I live in a house with a septic system. When the winter/spring rains come, the toilet on the ground level master bedroom does not flush. We have another toilet on the ground floor that does flush. We have removed the non-flushing toilet, snaked the line and even installed a newer toilet. Nothing works until the ground dries out and then it will work fine. We had the septic tank pumped out, though it does tend to fill with ground water. What I don't understand is why will the one toilet work when the other will not? Any suggestions as to what the problem might be?

  • 3
    When you say it doesn't flush, can you elaborate a bit more? Is there no movement of water (overflows or fills up the bowl)? Does the water drain slowly without fully flushing? Does it gurgle?
    – Steven
    Nov 16, 2012 at 3:13
  • 1
    Why does one toilet work and not the other? The working one is probably farther from the problem, giving it enough open, empty drain pipe to allow an occasional flush. As Steven hinted at in his answer, if you flush it enough times, it will eventually back up.
    – bcworkz
    Nov 17, 2012 at 23:55

4 Answers 4


Septic System?? If so, the system is FULL of water already and needs to drain out from your drain field. If it is a municipal system, tree roots CAN SWELL TO 40 % or more of their normal size in wet weather, creating a blockage- hence a slower drainage- I'd look into a rooter service if this is the case and if on a Septic System- even pumping the tank will not help as the ground water is the culprit-preventing more water to disperse. Pumping the tank will only remove liquid & solids in the inlet side- not removing water from the leach/drain field.


I have the same problem. In my house, the toilet nearest the septic tank (outlet from the house) is the one that fails during extremely wet weather. A simple explaination is this is because the other toilet can empty its contents into the plumbing under the house and has more time to move to the septic. On the one nearest the tank, the pipes leading to the tank are already full (groundwater backup) and the toilet contents have nowhere to go. Sometimes I can force the water out with a plunge and get a single flush in, but it doesn't return to normal until after the rain stops. The same thing can happen with upstairs vs downstairs plumbing.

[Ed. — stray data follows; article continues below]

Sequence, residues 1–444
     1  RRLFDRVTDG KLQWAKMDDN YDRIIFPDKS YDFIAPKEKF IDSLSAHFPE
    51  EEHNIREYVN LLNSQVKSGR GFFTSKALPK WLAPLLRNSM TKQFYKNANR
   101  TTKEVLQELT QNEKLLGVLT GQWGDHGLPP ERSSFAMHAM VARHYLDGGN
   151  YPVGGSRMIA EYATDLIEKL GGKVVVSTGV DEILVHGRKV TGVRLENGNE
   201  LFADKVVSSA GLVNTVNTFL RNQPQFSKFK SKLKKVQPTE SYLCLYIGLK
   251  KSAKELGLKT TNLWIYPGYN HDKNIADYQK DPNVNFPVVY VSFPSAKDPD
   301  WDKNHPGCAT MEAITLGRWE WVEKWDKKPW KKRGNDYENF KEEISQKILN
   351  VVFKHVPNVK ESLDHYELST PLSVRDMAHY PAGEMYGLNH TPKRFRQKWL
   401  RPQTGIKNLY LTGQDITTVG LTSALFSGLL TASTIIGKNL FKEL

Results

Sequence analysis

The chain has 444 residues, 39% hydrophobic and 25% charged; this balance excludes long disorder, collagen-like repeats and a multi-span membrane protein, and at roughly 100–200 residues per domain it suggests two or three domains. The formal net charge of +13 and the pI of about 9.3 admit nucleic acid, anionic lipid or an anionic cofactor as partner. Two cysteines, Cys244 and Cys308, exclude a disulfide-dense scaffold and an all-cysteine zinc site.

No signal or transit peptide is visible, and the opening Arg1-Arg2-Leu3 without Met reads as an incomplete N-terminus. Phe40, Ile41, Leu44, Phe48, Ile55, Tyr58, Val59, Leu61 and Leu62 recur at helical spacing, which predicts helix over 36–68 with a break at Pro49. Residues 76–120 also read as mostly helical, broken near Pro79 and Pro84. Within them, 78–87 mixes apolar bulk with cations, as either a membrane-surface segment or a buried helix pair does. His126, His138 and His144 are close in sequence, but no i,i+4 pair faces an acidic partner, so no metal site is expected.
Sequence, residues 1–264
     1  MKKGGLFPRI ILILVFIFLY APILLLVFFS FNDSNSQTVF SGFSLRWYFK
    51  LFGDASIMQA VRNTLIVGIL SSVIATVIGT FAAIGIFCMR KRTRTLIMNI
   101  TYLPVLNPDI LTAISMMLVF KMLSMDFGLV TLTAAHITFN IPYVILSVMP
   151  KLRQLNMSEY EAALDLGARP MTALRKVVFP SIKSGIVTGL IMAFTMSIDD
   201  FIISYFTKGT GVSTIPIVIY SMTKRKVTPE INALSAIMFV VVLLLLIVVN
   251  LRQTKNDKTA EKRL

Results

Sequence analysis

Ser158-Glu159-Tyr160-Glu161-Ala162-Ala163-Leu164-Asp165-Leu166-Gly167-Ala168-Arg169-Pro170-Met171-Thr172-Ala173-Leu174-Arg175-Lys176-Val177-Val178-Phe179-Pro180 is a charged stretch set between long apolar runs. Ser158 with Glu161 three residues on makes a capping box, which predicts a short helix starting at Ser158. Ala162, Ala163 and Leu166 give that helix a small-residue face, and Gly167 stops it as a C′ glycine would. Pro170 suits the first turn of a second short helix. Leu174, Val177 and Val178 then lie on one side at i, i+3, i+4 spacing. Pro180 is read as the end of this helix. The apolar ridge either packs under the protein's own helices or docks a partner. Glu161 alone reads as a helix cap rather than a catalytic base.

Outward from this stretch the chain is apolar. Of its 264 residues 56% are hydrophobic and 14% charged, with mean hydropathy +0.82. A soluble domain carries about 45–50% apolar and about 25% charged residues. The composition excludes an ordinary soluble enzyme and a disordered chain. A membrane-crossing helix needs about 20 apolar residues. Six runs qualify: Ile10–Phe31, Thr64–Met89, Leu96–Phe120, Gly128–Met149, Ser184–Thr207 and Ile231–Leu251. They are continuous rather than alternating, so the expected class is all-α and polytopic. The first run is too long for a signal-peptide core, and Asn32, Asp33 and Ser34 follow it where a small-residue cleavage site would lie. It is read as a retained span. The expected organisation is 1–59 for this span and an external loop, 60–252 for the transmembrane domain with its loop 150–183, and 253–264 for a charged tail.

• Hello, and welcome to Home Improvement. Thanks for the answer; keep 'em coming. And, you should probably take our tour so you'll know how best to contribute here. Aug 15, 2019 at 15:37

Some possibilities, in no order:

Vent Blocked

The toilets vent becomes blocked somehow when it rains. Check the vents on your roof for obstructions like trees, plants, birds nests, etc.

Damaged Pipes or Tank

Water is entering your septic system when it rains though cracks in pipes, seals or the tank itself and overwhelms your leach field.

In this scenario, a backup in your house would seem likely to occur eventually. When you are having the flushing problem, check the lowest drains in your house to ensure the sewer is not backing up.

Failing Leach Field

Your leach field cannot handle the volume of fluid when the ground is wet due to rain and might need replacing.

As to why only one toilet is a problem, with the exception of the blocked vent scenario, it is hard to say. I would try flushing the working toilet over and over to see if it slows down or stops as this would help rule out that one fixture or a broader plumbing/septic problem.


I have the same problem. We do not have a septic tank but live in a town house condo. The level of toilet water gets very low when it's windy and when it's raining a lot it will not flush. The water goes down very slowly only. I understand the water level in the toilet is because of the vacuum that is caused by the wind over the vent pipe on the roof so I assume this also causes the flushing problem. I live with it however.

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